In preparation for Black Friday, UK retailers have been stocking-up to sell a staggering £1.4bn of appliances and electronics. But with an estimated 1.4 million tonnes of e-waste landfilled in the UK every year, savvy-shoppers are being urged to think twice about the environmental impact of their seasonal spending sprees.
Recent research from online spare parts retailer, eSpares, found that 75% of Brits don’t attempt to fix appliances when they break down and instead opt to purchase expensive new models. 10% of the population also revealed that they didn’t like to keep unfashionable old appliances. Black Friday’s continued growth in the UK is therefore somewhat unsurprising.
However, as a result of the UK’s throwaway culture, millions of tonnes of unnecessary e-waste is created every year – 70% of which is reported as ‘unaccounted for’ and either landfilled, fly-tipped or shipped overseas. It’s clear that this wasteful behaviour is having a catastrophic impact on the environment.
eSpares’ Ad Casey said: “With the headlines dominated by ocean plastics, e-waste has seemingly slipped under the radar. But with every UK resident creating almost 15kg of e-waste per annum (a collective national weight 100 times heavier than the Eiffel Tower), it’s a terrifying issue that we can’t continue to ignore.”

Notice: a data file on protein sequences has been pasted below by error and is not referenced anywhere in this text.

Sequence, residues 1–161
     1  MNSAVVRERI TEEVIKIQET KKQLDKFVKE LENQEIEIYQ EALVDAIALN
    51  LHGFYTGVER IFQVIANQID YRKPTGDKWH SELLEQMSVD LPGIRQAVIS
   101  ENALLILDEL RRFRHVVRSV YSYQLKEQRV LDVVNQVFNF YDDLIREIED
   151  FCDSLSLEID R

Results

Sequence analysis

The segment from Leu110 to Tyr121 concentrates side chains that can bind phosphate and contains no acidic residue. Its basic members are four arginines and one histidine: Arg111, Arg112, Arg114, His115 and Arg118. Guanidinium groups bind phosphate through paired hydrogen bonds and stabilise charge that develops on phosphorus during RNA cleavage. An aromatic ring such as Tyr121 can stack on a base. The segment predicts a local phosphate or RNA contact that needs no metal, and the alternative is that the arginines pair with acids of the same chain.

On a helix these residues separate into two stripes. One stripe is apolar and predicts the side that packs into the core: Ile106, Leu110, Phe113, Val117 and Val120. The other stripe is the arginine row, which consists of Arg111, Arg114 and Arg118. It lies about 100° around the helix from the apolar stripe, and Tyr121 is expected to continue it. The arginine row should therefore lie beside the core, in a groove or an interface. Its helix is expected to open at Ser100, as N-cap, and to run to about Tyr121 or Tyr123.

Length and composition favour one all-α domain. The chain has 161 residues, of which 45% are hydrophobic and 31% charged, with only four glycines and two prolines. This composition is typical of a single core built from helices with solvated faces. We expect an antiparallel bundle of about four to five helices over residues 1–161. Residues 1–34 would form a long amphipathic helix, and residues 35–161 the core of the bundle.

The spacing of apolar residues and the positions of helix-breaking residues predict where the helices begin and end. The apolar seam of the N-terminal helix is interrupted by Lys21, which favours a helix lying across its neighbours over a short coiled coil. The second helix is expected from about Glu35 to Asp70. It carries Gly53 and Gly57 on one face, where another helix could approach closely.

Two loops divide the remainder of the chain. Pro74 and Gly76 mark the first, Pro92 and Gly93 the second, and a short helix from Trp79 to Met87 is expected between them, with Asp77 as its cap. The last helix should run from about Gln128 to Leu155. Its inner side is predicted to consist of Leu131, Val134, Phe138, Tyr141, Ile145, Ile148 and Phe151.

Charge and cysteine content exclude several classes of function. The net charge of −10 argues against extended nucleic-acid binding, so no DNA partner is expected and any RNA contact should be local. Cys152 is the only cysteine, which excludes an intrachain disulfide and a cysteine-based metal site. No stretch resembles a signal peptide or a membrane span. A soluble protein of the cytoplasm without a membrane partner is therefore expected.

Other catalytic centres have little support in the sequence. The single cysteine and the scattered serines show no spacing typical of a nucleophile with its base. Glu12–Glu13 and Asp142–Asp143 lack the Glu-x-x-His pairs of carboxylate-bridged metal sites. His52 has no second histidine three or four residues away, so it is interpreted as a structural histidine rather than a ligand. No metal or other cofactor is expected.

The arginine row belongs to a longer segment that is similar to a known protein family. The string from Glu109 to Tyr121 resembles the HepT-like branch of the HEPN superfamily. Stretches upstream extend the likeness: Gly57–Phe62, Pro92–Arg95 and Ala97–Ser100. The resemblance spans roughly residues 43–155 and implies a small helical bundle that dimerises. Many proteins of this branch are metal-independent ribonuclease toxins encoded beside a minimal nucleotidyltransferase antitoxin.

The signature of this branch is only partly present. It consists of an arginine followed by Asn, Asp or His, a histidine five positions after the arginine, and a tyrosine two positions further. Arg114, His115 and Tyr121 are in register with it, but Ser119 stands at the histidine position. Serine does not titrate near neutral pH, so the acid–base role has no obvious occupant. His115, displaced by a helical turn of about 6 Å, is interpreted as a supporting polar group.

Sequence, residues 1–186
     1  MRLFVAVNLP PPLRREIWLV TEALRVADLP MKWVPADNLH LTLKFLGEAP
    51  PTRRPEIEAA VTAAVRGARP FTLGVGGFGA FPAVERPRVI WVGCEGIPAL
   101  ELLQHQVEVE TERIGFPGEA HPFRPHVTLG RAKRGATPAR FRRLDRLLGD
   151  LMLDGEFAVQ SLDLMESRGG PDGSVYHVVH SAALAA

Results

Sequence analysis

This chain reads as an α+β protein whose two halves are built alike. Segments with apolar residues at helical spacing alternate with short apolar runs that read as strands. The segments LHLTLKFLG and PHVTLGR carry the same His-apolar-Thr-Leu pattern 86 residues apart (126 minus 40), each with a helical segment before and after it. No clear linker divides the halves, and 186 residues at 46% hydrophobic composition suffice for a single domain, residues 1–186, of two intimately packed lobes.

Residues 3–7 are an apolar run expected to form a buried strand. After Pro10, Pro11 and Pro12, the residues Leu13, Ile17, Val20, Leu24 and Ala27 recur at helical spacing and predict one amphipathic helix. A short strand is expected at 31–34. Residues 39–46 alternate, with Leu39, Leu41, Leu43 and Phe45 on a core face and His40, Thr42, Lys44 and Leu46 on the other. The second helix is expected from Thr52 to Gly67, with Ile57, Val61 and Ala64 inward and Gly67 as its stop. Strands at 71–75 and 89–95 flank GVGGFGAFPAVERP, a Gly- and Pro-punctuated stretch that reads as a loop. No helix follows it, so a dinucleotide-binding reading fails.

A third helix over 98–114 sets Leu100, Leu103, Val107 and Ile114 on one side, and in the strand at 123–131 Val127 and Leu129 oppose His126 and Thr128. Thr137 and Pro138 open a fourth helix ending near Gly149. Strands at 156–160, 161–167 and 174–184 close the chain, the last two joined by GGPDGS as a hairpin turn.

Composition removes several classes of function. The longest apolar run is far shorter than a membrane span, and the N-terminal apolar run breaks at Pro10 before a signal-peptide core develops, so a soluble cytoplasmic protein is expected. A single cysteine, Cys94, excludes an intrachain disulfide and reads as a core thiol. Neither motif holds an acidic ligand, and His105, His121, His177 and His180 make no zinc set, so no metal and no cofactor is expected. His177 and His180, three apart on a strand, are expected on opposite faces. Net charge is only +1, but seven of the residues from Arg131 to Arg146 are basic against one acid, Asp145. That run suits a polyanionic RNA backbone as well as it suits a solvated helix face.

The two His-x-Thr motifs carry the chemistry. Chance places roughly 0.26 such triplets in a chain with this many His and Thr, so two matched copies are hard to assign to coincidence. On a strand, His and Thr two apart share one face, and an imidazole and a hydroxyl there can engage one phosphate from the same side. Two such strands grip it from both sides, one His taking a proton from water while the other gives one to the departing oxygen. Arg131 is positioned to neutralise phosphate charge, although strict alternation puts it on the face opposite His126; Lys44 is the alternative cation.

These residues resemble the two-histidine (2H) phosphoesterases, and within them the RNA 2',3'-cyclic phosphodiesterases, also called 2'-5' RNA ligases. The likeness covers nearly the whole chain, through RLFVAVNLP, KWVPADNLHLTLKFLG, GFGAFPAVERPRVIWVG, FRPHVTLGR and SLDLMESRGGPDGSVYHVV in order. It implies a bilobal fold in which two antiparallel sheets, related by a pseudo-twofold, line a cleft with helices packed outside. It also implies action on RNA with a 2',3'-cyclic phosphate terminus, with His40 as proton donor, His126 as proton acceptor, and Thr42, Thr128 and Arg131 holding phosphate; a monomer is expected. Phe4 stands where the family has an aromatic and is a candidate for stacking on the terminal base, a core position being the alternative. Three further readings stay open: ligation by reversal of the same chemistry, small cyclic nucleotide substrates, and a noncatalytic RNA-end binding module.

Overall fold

The message from eSpares is clear. Think twice this Black Friday about whether or not you could fix your existing appliance before buying new – you may be surprised by just how quick and easy it can be. If you do need to buy a replacement, make sure you dispose of your old model correctly to minimise its environmental impact.
To inspire a national change towards disposing of e-waste, eSpares has launched #FixFirst – an initiative that provides free comprehensive information on how to fix appliances and help protect the environment. The company’s Advice Centre features more than 500 ‘how to’ videos, 700 fault fix articles and 9,000 appliance manuals, all of which help consumers to fix – not throw away.